Israel's accountant general, Michal Abadi-Boiangiu, asked the government to auction off the rights to mine the Dead Sea, instead of extending Israel Chemicals Ltd.'s mining license covering the area, Bloomberg News reported Jan. 17, citing Abadi-Boiangiu's letter to the government.
The license expires in 2030.
"Holding a tender process is the right way to maximize the public's part of the Dead Sea natural resources," Abadi-Boiangiu wrote.
Mining for minerals such as potash and bromine from the company's Dead Sea operations historically accounted for more than 50% of its overall income.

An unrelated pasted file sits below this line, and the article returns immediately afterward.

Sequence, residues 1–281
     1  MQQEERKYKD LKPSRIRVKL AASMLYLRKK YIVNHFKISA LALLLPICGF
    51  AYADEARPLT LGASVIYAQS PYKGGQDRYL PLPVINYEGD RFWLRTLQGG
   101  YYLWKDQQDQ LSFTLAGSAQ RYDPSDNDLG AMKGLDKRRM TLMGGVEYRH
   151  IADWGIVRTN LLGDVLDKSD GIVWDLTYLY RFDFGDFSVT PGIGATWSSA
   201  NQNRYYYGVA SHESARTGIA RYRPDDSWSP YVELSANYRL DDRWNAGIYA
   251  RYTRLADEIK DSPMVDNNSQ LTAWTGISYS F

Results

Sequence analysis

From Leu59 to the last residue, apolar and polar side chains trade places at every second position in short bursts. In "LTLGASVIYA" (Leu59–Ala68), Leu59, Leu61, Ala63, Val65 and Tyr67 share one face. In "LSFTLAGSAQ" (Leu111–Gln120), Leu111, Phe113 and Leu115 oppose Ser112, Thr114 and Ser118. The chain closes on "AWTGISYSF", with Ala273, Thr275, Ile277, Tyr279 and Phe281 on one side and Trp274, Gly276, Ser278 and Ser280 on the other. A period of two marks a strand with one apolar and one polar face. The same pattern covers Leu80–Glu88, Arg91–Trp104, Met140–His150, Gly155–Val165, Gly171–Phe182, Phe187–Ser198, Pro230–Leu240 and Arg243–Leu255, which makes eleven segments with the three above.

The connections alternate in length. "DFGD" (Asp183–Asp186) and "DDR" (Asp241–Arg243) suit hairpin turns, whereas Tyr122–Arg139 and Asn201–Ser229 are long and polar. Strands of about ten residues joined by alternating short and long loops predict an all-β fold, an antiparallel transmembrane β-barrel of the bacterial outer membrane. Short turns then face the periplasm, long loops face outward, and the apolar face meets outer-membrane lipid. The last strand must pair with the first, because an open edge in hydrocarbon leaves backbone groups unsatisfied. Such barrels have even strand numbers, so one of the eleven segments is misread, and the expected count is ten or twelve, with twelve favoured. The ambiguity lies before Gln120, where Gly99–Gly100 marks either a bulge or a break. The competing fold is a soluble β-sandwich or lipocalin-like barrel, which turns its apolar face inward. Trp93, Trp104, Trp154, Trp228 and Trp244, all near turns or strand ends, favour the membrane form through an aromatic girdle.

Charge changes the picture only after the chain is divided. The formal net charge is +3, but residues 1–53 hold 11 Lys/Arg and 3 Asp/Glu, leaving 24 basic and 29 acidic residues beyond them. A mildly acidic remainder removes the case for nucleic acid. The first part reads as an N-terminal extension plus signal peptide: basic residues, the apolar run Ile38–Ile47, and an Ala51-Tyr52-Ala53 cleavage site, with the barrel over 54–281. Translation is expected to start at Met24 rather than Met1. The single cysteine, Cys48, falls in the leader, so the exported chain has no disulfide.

The company wants to have certainty before making further investments in the Dead Sea as it would take some time to be compensated should it lose the license.
Israel Chemicals swung to a net loss of US$340 million in the third quarter of 2016, from a profit of US$121 million a year earlier.
According to Bloomberg, shares in Israel Chemicals dropped by up to 3.4% in intraday trading Jan. 17.